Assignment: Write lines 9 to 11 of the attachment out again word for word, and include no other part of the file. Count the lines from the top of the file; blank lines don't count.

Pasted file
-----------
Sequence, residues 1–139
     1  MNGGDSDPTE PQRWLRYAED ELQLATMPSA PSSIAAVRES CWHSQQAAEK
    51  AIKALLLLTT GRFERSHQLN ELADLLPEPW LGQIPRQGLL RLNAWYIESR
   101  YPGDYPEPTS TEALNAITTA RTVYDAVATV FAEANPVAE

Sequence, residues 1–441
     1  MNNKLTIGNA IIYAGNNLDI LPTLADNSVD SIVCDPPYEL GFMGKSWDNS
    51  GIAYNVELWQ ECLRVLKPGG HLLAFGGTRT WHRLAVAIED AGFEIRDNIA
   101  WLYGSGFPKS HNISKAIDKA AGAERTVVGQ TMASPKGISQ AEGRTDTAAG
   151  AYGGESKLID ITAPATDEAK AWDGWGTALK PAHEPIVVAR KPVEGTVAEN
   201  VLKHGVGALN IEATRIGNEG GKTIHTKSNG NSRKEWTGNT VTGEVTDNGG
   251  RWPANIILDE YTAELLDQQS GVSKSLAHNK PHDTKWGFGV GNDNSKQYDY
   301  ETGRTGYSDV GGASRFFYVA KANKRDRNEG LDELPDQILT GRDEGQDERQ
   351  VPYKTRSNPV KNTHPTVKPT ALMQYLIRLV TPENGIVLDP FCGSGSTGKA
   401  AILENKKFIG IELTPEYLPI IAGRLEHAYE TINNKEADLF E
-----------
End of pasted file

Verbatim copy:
   151  AYGGESKLID ITAPATDEAK AWDGWGTALK PAHEPIVVAR KPVEGTVAEN
   201  VLKHGVGALN IEATRIGNEG GKTIHTKSNG NSRKEWTGNT VTGEVTDNGG
   251  RWPANIILDE YTAELLDQQS GVSKSLAHNK PHDTKWGFGV GNDNSKQYDY